Retailing: Mixed Results

The last months of 2002 were uneven ones for electronics retailers. American consumers, apparently trying to stretch their home entertainment dollars as far as possible, patronized discount stores while bypassing more upscale competitors.

Quarterly reports from most retail chains bear out this observation. In late December, Canton, MA–based Tweeter Home Entertainment Group reduced projections for its first fiscal quarter ending December 31. For the first three weeks of the month, comparable stores sales were down 15%, and were off 10% for the quarter to date as of December 21. Digital TV equipment and flat-screen TV products are strong sellers for Tweeter, but consumers have shown little interest in audio components, according to CFO Joe McGuire. "We are just seeing less traffic across the board," said president/CEO Jeff Stone. "There appears to be less interest in the products we are selling this holiday season." The pattern seems to be consistent nationwide, he noted.

West coast retailer Good Guys posted a 13% decline in sales for its third quarter. The San Francisco–based home entertainment specialist reported net sales of $172 million in its fiscal third quarter, compared with $198 million during the same period last year. Same-store sales were off 10%. Good Guys closed seven under-performing stores in 2002. Net loss for the quarter was less than half that reported in 2001, $3.7 million vs $8.1 million. As with Tweeter, stand-alone audio sales were weak. Home theater systems, flat-panel displays, HDTV, and digital cameras were strong sellers for Good Guys, which reported flat-screen TV sales up more than 400% from last year. Good Guys posted a year-to-date net loss of $10.1 million, less than half the $22.7 loss reported for 2001.

The picture is sunnier for Eden Prairie, MN–based Best Buy, North America's #1 electronics seller. As reported last week, the company posted a 5% increase in earnings for its fiscal third quarter, $85 million, compared with $80 million for the same period last year. Best Buy has suffered from slow traffic at its Musicland stores, and is reconsidering that end of its business. The company has re-organized its product offerings by de-emphasizing office equipment and devoting more floor space to home-theater gear. The strategy has allowed Best Buy to remain profitable in a sluggish economy, according to CEO Brad Anderson. "Our success is due to our ability to shift our product mix toward higher margin products and to increase the attachment rate of accessories," he commented. His company predicts a 10% increase in sales for its fourth quarter, and a 16% increase for the year, for a year-end total of $22.8 billion. That increase could be deceptive, however, as Best Buy added 68 new American stores and the Canadian Future Shop chain to its roster in 2002.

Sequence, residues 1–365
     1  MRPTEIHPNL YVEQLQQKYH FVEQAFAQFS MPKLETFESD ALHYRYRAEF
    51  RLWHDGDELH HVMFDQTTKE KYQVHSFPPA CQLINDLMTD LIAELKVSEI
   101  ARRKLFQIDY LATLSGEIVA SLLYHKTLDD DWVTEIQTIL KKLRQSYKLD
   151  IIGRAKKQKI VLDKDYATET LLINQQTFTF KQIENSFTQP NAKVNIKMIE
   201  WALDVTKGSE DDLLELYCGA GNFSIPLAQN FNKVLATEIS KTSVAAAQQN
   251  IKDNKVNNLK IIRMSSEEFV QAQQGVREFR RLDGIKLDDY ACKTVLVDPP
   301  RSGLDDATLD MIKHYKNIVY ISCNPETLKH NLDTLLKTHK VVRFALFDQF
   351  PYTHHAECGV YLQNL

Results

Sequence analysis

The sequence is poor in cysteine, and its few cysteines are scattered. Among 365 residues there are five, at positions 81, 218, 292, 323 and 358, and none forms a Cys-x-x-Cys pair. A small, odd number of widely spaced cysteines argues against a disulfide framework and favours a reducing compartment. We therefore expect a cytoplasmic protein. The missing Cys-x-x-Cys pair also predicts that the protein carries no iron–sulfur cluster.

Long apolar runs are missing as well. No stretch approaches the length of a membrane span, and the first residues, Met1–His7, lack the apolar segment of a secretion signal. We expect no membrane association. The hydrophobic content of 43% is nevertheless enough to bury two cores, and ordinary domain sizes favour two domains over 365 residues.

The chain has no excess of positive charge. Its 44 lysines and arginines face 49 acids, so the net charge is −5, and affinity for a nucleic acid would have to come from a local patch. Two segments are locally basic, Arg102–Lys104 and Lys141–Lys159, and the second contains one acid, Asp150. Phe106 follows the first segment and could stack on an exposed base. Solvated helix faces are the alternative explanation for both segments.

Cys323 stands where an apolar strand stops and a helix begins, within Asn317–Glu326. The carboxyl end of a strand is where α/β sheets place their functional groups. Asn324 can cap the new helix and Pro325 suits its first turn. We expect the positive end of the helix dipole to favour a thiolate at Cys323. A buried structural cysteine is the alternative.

Number two retailer Circuit City reported a $21.3 million loss for its third fiscal quarter ended November 30. That compares unfavorably to profits of $9.2 million for the same three months in 2001. The Richmond, VA–based chain attributed approximately half of the loss to $11.4 million spent in remodeling and relocating stores. Circuit City reported brisk sales of flat-screen TVs and DTV gear, as well as "entertainment software"—primarily DVDs and video games—and "entry-level products and PCs." Profits are being eroded by competition from big-box discounters, according to company execs. "Gross margins are under pressure, at lower levels than we historically have enjoyed," said CEO Alan McCollough. "We expect competition in the marketplace to be the same in the fourth quarter."

Large-scale discount stores have eaten into territory once owned by specialty retailers. In 2002, both Wal-Mart and Target expanded their electronics departments from the entry-level products in which they had previously specialized. Wal-Mart, in particular, has been very successful with flat-screen televisions, home theater receivers, and other high-tech products that it would have shied away from just two year ago.

Discounters offer no installation and little in the way of technical advice, but that hasn't dissuaded price-conscious consumers. Wal-Mart and Target both posted 11.8% sales hikes for the third quarter, with Wal-Mart's profits up 15.5%, to $2.7 billion vs $2.3 billion for the same period last year. NOTE: those numbers are profits, not gross sales. The company broke its own record for combined quarterly sales and earnings in Q3 2002, with a total of $58.8 billion. Target Stores saw a 15.4% increase in revenue for the first nine months of 2002, for a total of $25 billion, with pre-tax profits up 31%. Third quarter consolidated net earnings were $277 million, an astounding 50.2% rise from the $185 million posted for the same period last year.

The music industry continues to sing the blues about sales lost to piracy and downloading, but its executives might well profit from actually observing where young people really spend their money: video games. Sony's PlayStation 2 was one of the hottest products throughout most of 2002, and one that helped put a polish on the Japanese conglomerate's bottom line. While specialty audio retailers were standing about idly wondering where all the customers went, they needed to look no farther than their local video game store. In late December, Electronics Boutique Holdings, a company that specializes in video game hardware and software, and PC entertainment software and accessories, reported an eye-popping 55.3% jump in revenue for the third quarter. EBH hit a total of $283 million, a phenomenal jump from the $182.2 million reported for the same period last year. Comparable store sales were up 37.7%, with net income at $7.1 million, more than twice the $2.9 million reached in the same period last year. Research firm NPD Intelect reported that the total video game industry grew by 38% in the third quarter.

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